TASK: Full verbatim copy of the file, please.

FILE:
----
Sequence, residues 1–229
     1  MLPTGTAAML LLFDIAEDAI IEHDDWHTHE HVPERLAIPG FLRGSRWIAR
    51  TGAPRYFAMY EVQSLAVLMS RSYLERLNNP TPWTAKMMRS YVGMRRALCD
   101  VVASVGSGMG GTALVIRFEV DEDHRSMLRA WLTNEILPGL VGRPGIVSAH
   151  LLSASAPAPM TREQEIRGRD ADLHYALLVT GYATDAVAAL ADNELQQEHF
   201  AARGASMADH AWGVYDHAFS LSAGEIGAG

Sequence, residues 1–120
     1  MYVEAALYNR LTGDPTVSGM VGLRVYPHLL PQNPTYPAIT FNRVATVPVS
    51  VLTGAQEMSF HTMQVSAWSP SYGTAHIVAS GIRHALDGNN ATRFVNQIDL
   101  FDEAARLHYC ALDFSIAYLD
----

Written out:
Sequence, residues 1–229
     1  MLPTGTAAML LLFDIAEDAI IEHDDWHTHE HVPERLAIPG FLRGSRWIAR
    51  TGAPRYFAMY EVQSLAVLMS RSYLERLNNP TPWTAKMMRS YVGMRRALCD
   101  VVASVGSGMG GTALVIRFEV DEDHRSMLRA WLTNEILPGL VGRPGIVSAH
   151  LLSASAPAPM TREQEIRGRD ADLHYALLVT GYATDAVAAL ADNELQQEHF
   201  AARGASMADH AWGVYDHAFS LSAGEIGAG

Sequence, residues 1–120
     1  MYVEAALYNR LTGDPTVSGM VGLRVYPHLL PQNPTYPAIT FNRVATVPVS
    51  VLTGAQEMSF HTMQVSAWSP SYGTAHIVAS GIRHALDGNN ATRFVNQIDL
   101  FDEAARLHYC ALDFSIAYLD